2. Common; customary; usual. --Shak.
        [1913 Webster]
  
              Method is not less requisite in ordinary
              conversation that in writing.         --Addison.
        [1913 Webster]
  
     3. Of common rank, quality, or ability; not distinguished by
        superior excellence or beauty; hence, not distinguished in
        any way; commonplace; inferior; of little merit; as, men
        of ordinary judgment; an ordinary book.
        [1913 Webster]
  
              An ordinary lad would have acquired little or no
              useful knowledge in such a way.       --Macaulay.
        [1913 Webster]
  
     Ordinary seaman (Naut.), one not expert or fully skilled,
        and hence ranking below an able seaman.
        [1913 Webster]
  
     Syn: Normal; common; usual; customary.
  
     Usage: See Normal. -- Ordinary, Common. A thing is
            common in which many persons share or partake; as, a
            common practice. A thing is ordinary when it is apt to
            come round in the regular common order or succession
            of events.
            [1913 Webster]

From WordNet (r) 3.0 (2006) :

  ordinary
      adj 1: not exceptional in any way especially in quality or
             ability or size or degree; "ordinary everyday objects";
             "ordinary decency"; "an ordinary day"; "an ordinary wine"
             [ant: extraordinary]
      2: lacking special distinction, rank, or status; commonly
         encountered; "average people"; "the ordinary (or common) man
         in the street" [syn: average, ordinary]
      n 1: a judge of a probate court
      2: the expected or commonplace condition or situation; "not out
         of the ordinary"
      3: a clergyman appointed to prepare condemned prisoners for
         death
      4: an early bicycle with a very large front wheel and small back
         wheel [syn: ordinary, ordinary bicycle]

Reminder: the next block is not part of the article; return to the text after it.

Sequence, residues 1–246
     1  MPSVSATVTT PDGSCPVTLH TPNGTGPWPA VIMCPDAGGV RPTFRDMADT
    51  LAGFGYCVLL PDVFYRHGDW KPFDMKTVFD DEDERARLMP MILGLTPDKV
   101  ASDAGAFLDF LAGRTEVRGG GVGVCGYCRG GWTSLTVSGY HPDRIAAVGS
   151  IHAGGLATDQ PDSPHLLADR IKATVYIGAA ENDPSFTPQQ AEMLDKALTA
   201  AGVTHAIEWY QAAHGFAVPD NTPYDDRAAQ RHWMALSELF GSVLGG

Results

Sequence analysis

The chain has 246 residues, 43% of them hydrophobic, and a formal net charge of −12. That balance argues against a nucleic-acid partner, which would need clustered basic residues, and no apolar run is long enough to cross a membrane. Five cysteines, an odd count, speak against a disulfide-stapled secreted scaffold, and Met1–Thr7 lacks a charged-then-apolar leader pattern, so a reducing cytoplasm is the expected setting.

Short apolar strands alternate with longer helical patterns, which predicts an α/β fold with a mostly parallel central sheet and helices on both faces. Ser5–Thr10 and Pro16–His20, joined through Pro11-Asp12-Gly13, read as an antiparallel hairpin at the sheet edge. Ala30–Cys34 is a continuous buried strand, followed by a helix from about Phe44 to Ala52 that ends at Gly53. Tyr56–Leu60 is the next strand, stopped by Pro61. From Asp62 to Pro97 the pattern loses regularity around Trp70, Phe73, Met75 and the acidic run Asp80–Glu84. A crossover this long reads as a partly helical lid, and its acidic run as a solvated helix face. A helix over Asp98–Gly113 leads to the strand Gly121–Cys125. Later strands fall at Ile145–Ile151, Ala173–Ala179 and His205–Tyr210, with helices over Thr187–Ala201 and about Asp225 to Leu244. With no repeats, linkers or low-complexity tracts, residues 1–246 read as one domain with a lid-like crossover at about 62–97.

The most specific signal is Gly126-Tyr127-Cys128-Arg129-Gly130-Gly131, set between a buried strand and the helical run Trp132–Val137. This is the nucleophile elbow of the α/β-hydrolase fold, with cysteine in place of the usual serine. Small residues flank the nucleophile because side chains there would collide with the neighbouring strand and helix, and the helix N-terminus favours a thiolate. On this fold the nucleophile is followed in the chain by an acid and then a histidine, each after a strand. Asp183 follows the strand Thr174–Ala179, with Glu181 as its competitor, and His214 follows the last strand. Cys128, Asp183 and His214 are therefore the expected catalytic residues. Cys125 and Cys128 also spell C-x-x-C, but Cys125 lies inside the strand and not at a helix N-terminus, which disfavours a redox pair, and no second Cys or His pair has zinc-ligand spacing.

5: (heraldry) any of several conventional figures used on
         shields

From Moby Thesaurus II by Grady Ward, 1.0 :

  364 Moby Thesaurus words for "ordinary":
     American plan, Attic, Babbittish, European plan, JA, Philistine,
     a la carte, accepted, accustomed, achievement, alerion,
     amicus curiae, animal charge, annulet, argent, armorial bearings,
     armory, arms, assessor, average, azure, banal, bandeau, bar,
     bar sinister, barmaster, baseborn, baton, bearings, below the salt,
     bend, bend sinister, besetting, billet, bizarre, blazon, blazonry,
     boardinghouse, bordure, bourgeois, broad arrow, cadency mark,
     campy, canton, central, chancellor, chaplet, charge, chaste,
     chevron, chief, circuit judge, classic, classical, coat of arms,
     cockatrice, cockney, common, commonplace, conformable,
     consuetudinary, convention, conventional, coronet, couvert, cover,
     cover charge, crescent, crest, cross, cross moline, crown, curious,
     current, customary, demeaning, device, difference, differencing,
     different, disadvantaged, dominant, dorm, dormitory, doss house,
     dull, eagle, eccentric, epidemic, ermine, ermines, erminites,
     erminois, escutcheon, established, everyday, exceptional, expected,
     extraordinary, fair, falcon, familiar, fess, fess point, field,
     file, flanch, flat, fleabag, fleur-de-lis, flophouse, frequent,
     frequentative, fret, fur, fusil, garden, garden variety,